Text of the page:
TV drama Riverdale has cleaned up at the Teen Choice Awards, winning awards in every category for which it was nominated. By recognizing the strain seemingly trivial experiences of everyday life can have on teenagers, Riverdale gives Gen Zers a relatable emotional outlet. We explore the science behind what draws teens to trivial drama.
Unlike critic-based accolades, the Teen Choice Awards are chosen by teens themselves, offering an unskewed window into the preferences of young viewers. And among teens, Riverdale has come up as an unchallenged favorite – after winning all seven awards for which it was nominated in 2017, Riverdale followed up with ten awards at the 2018 Teen Choice Awards, including 'choice drama TV show', 'choice drama TV actor', and 'choice drama TV actress'.
Riverdale appeals to teens because it gives airtime to the personal drama that fills their everyday
Riverdale (2018) ©
It's no secret that people are drawn to entertainment that's relatable – it’s why shows like Eighth Grade are making a name for themselves through more realistic portrayals of the teenage struggles. But while Eighth Grade found its niche in depicting the high school experience’s failure to live up to drama, Riverdale’s is relatable to teens precisely because it highlights how dramatically trivial issues affect them, using mundane moments to trigger everything from plot-twisting reveals to supernatural occurences.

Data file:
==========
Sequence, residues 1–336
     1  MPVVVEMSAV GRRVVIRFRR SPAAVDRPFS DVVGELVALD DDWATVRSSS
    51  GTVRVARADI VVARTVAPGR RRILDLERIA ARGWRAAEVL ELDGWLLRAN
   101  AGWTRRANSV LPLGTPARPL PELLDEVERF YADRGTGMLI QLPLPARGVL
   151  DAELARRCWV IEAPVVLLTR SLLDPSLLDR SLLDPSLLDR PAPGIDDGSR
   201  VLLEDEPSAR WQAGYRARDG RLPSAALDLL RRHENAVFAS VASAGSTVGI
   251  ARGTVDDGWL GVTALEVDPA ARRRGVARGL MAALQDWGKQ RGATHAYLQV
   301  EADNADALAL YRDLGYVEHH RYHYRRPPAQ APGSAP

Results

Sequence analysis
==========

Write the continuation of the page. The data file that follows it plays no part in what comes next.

“When you’re a teen, you feel like all these stupid little things are so important even when they’re dumb, like someone not texting you back,” says science writer Katherine Foley. “On Riverdale, all these super dramatic plot points embody the sense of that importance.” Dramatic reactions are par for the course for teens – it’s why in a year, the average teen sulks 71 times and says they hate their parents 27 times. Yet it's a side of Gen Z in particular that often goes under-documented, given their reputation for taking on the bigger issues from sustainability to politics. Shows like Riverdale mark a welcome opportunity for a generation of social justice warriors to indulge in more personal drama.
Katy Young is a behavioural analyst at Canvas8, which specialises in behavioural insights and consumer research. She has a degree in American Studies and Film, and a Master’s in Journalism. Her interests include wild swimming, thinking of podcast ideas, and singing in an all-female choir.
29 Aug 18
2 min read